UMMS Affiliation

Horae Gene Therapy Center; Department of Microbiology and Physiological Systems

Publication Date

2-28-2017

Document Type

Article

Disciplines

Biochemical Phenomena, Metabolism, and Nutrition | Chemicals and Drugs | Endocrinology | Medical Physiology | Obstetrics and Gynecology | Oncology | Reproductive and Urinary Physiology | Therapeutics

Abstract

The ovarian reserve represents the stock of quiescent primordial follicles in the ovary which is gradually depleted during a woman's reproductive lifespan, resulting in menopause. Mullerian inhibiting substance (MIS) (or anti-Mullerian hormone/AMH), which is produced by granulosa cells of growing follicles, has been proposed as a negative regulator of primordial follicle activation. Here we show that long-term parenteral administration of superphysiological doses of MIS, using either an adeno-associated virus serotype 9 (AAV9) gene therapy vector or recombinant protein, resulted in a complete arrest of folliculogenesis in mice. The ovaries of MIS-treated mice were smaller than those in controls and did not contain growing follicles but retained a normal ovarian reserve. When mice treated with AAV9/MIS were paired with male breeders, they exhibited complete and permanent contraception for their entire reproductive lifespan, disrupted vaginal cycling, and hypergonadotropic hypogonadism. However, when ovaries from AAV9-MIS-treated mice were transplanted orthotopically into normal recipient mice, or when treatment with the protein was discontinued, folliculogenesis resumed, suggesting reversibility. One of the important causes of primary ovarian insufficiency is chemotherapy-induced primordial follicle depletion, which has been proposed to be mediated in part by increased activation. To test the hypothesis that MIS could prevent chemotherapy-induced overactivation, mice were given carboplatin, doxorubicin, or cyclophosphamide and were cotreated with AAV9-MIS, recombinant MIS protein, or vehicle controls. We found significantly more primordial follicles in MIS-treated animals than in controls. Thus treatment with MIS may provide a method of contraception with the unique characteristic of blocking primordial follicle activation that could be exploited to prevent the primary ovarian insufficiency often associated with chemotherapy.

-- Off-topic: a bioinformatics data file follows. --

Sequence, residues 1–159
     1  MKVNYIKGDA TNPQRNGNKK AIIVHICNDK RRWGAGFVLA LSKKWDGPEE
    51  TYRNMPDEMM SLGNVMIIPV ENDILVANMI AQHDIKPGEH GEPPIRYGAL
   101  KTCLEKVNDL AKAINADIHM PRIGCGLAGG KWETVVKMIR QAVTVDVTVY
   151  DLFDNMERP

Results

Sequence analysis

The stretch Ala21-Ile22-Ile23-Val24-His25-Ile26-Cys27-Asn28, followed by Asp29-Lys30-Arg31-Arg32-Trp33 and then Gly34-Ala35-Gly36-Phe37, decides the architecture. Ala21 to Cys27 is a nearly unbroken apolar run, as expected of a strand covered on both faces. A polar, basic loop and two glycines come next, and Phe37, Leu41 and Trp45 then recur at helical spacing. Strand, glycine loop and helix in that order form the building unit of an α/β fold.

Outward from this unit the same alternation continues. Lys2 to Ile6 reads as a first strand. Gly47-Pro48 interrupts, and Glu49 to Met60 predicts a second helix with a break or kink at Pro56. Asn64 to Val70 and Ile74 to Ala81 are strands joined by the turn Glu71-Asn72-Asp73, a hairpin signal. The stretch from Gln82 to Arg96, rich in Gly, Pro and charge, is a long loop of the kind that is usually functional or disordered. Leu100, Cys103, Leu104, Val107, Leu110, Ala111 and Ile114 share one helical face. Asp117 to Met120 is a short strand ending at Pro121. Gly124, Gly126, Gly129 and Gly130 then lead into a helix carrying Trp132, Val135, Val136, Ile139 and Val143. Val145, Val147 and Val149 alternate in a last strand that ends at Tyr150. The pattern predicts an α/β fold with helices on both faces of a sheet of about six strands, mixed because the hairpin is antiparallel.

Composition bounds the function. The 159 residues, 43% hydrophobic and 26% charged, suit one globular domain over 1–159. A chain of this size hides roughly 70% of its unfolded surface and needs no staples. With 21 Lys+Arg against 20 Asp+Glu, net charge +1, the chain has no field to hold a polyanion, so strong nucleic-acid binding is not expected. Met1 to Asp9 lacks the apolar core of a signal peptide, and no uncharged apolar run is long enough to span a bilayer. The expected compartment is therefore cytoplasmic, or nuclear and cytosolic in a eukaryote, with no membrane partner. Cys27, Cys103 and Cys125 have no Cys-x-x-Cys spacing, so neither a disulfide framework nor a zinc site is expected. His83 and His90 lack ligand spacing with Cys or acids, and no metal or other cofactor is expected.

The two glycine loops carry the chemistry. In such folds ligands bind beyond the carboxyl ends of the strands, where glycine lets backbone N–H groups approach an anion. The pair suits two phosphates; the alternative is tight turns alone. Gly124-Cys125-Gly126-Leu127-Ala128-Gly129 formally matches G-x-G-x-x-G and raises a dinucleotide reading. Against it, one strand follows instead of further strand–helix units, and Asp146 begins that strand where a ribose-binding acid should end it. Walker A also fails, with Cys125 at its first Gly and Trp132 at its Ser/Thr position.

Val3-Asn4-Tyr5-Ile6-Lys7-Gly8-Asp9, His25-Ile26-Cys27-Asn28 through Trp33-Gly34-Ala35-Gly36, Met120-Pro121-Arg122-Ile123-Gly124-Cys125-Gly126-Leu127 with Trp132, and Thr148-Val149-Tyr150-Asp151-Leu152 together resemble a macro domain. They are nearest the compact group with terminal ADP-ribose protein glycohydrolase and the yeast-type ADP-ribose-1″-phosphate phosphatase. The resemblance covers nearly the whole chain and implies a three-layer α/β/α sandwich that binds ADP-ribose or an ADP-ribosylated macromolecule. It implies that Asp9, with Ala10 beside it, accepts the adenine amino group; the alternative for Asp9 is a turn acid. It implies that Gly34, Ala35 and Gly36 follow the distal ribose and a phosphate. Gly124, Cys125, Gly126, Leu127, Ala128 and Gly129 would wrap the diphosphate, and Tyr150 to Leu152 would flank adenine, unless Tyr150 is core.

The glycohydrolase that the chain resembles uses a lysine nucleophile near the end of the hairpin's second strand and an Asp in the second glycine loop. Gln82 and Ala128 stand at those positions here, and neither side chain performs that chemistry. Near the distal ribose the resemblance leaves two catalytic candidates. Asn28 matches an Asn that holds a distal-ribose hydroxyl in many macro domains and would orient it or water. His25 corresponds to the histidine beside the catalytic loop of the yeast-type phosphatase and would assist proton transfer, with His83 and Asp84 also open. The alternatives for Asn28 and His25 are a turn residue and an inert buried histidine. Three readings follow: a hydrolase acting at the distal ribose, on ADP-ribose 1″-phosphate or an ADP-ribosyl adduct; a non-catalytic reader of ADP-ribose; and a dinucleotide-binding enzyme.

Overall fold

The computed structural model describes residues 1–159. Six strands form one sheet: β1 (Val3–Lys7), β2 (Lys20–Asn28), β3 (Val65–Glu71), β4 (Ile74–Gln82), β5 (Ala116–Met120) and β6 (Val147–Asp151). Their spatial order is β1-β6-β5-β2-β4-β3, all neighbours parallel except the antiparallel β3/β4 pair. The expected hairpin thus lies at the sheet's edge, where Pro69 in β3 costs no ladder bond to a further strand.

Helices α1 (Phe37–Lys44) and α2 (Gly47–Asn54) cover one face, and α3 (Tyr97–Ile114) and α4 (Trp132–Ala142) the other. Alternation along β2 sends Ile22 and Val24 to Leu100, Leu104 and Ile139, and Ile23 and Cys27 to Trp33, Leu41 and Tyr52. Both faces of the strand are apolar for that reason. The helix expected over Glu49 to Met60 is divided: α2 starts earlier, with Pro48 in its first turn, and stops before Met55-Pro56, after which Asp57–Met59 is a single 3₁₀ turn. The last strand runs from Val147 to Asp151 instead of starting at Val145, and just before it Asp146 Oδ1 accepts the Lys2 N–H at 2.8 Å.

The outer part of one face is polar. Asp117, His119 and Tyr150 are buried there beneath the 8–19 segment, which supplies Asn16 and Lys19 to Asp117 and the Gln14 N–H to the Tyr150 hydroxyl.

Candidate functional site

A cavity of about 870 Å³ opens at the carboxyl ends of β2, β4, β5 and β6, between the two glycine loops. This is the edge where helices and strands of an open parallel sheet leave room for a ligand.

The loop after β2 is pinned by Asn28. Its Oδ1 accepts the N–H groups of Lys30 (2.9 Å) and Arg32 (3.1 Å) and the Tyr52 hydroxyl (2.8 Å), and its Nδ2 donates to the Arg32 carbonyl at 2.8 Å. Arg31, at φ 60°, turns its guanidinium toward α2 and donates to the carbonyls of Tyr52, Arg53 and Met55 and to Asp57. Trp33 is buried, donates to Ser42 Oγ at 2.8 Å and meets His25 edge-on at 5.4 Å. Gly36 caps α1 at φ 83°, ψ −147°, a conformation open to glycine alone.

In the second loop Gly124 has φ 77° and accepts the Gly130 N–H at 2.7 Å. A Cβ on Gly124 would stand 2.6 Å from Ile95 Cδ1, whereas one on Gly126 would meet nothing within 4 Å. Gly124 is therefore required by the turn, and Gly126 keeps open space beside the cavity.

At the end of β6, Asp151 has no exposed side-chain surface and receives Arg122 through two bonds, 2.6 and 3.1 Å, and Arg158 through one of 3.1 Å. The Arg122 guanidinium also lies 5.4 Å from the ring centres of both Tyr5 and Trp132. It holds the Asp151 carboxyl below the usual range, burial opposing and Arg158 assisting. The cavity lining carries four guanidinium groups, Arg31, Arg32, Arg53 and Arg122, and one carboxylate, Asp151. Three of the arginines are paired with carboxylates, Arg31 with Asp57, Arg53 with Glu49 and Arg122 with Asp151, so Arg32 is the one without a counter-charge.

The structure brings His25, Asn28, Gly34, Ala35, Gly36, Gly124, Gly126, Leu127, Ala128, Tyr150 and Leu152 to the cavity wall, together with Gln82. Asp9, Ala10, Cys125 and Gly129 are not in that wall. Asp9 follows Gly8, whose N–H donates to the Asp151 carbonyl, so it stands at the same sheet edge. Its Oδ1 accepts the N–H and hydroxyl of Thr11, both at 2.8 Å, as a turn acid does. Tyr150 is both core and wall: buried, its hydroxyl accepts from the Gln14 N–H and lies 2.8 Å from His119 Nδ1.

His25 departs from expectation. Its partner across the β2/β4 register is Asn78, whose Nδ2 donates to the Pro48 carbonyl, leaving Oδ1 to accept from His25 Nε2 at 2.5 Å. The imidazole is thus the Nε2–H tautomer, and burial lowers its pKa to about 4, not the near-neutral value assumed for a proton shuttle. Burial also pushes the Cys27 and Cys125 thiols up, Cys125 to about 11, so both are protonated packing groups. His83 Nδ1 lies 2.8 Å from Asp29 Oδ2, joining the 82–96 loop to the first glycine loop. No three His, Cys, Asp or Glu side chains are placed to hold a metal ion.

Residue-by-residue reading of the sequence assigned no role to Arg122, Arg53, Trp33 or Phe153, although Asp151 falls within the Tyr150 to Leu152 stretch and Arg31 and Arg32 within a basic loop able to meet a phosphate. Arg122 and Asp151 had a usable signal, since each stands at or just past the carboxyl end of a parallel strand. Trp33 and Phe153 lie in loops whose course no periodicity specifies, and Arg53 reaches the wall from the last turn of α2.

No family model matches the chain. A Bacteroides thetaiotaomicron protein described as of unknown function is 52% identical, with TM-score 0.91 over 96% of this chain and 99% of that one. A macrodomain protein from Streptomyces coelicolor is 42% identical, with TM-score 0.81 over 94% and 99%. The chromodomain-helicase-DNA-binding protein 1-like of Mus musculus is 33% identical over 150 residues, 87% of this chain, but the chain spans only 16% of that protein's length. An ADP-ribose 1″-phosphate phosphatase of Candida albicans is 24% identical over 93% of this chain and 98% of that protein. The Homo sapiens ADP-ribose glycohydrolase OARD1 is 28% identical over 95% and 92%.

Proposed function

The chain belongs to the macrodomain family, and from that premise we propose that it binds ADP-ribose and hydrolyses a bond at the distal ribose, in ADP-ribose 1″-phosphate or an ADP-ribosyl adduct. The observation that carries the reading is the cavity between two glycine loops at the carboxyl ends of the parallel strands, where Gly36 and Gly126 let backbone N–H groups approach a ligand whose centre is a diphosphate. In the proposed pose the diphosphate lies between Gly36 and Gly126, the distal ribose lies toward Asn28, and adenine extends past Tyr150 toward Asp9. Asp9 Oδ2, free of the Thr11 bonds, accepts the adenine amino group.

Rights and Permissions

Freely available online through the PNAS open access option. Citation: Proc Natl Acad Sci U S A. 2017 Feb 28;114(9):E1688-E1697. doi: 10.1073/pnas.1620729114. Epub 2017 Jan 30. Link to article on publisher's site

DOI of Published Version

10.1073/pnas.1620729114

Related Resources

Link to Article in PubMed

Keywords

AAV9, AMH, MIS, contraceptive, oncofertility

Journal/Book/Conference Title

Proceedings of the National Academy of Sciences of the United States of America

PubMed ID

28137855

 
 

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